• You Are What You Become Emotionally Involved With

    emotionally involved

    You are what you eat! say the clean-eating gurus.
    You are what you think about! say the Law-of-Attraction teachers.

    Neither are wrong, exactly. I know from experience that the food you eat has a huge impact on how you feel, not just physically but also emotionally and mentally. The manifestation/attraction process indeed begins with one’s thoughts. And yet, somehow I always knew that the above statements only tell part of the full story.

    Then during a training with Bob Proctor, the penny dropped. He said: “You are what you become emotionally involved with.” I immediately knew that this was it. It’s what I had been struggling to put into words. And the ramifications of this seemingly innocent sentence are manifold.

    Let me show you.

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    Disclaimer: No, you don’t have to feel good all the time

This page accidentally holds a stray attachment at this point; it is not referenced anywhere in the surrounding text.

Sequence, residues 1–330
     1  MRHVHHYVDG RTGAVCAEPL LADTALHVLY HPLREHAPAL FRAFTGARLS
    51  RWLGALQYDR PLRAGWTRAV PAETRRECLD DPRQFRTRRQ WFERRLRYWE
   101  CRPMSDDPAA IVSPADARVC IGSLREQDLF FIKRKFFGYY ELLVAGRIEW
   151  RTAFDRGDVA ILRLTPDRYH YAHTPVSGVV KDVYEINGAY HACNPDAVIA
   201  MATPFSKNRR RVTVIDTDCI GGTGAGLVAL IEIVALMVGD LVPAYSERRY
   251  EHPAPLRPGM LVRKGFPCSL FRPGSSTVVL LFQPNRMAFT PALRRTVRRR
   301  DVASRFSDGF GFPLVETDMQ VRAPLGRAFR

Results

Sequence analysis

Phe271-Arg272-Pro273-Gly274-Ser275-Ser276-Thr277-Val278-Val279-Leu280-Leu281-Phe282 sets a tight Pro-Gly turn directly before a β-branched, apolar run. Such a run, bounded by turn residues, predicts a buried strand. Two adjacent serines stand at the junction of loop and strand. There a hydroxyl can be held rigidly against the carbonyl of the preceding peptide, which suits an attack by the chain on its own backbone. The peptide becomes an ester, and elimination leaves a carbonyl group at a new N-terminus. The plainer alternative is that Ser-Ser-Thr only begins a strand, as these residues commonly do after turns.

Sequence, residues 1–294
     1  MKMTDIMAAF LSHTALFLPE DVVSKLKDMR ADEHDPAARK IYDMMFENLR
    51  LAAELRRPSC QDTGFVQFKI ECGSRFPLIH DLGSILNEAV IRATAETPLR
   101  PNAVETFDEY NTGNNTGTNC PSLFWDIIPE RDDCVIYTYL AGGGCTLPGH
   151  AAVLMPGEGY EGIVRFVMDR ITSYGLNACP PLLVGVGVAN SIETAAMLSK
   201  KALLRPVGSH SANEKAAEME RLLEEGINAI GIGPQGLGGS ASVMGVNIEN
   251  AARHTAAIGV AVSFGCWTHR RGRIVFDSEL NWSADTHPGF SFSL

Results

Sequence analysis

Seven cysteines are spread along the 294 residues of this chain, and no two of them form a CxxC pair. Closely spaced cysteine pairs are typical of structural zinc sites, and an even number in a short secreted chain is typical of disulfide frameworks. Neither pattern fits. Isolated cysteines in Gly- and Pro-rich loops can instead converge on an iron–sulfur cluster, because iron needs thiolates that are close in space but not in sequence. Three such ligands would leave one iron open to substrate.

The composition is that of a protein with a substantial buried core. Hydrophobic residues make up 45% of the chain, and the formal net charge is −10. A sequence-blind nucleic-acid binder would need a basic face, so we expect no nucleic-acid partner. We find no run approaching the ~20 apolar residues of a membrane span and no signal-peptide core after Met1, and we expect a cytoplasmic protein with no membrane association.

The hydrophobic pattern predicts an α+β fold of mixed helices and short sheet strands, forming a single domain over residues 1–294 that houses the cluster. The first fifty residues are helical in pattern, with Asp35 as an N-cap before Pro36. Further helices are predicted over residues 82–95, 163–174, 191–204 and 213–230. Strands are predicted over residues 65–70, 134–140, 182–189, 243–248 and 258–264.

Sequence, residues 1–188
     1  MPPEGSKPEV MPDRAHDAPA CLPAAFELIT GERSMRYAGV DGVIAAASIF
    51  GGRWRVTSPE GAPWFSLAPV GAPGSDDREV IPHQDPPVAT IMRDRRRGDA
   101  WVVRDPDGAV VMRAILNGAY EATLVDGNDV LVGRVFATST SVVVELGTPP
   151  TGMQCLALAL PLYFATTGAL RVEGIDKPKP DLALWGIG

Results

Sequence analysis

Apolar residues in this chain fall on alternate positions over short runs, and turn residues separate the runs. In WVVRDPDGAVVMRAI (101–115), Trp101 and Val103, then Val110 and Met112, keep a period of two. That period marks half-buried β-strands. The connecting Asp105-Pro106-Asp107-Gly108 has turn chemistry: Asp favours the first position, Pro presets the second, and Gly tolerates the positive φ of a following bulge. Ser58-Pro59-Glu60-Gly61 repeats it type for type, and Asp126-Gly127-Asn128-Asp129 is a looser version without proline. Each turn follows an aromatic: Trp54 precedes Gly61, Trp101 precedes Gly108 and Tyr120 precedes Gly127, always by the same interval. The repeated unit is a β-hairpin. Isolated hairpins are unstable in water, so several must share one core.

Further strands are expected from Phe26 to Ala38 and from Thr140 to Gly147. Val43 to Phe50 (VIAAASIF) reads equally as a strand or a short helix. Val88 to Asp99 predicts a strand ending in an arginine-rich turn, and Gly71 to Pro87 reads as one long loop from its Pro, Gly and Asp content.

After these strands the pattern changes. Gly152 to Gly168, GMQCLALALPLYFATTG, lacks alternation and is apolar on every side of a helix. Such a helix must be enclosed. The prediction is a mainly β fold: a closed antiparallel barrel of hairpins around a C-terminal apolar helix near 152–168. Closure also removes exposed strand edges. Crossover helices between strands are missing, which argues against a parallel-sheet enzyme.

I keep saying, writing, and teaching it, and I will continue to do so until I’m blue in the face and you’re sick of hearing it: None of this means that you must always feel good, or that you’re sabotaging yourself and/or your happiness when you feel angry, sad, or down.

    Emotions are there to be experienced. When you lose someone you love, of course you’ll be mourning. It’s the natural way of things, and it’s not going to sabotage anything – otherwise, anyone who manifests with ease would be a cold-hearted monster. They’re not.

    This is why I like Bob Proctor’s way of saying it so much. Years before, it was Lynn Grabhorn who first pointed out that it’s the feelings that matter for manifestation, not the thoughts (read her milestone book Excuse me, your life is waiting).

    However, saying that it’s about feelings doesn’t go far enough and leaves room for interpretation and mistunderstandings like the above – that somehow, in order to manifest happiness and success, you can’t ever feel anything we label “negative”. And that’s rubbish.

    What does “emotionally involved” mean?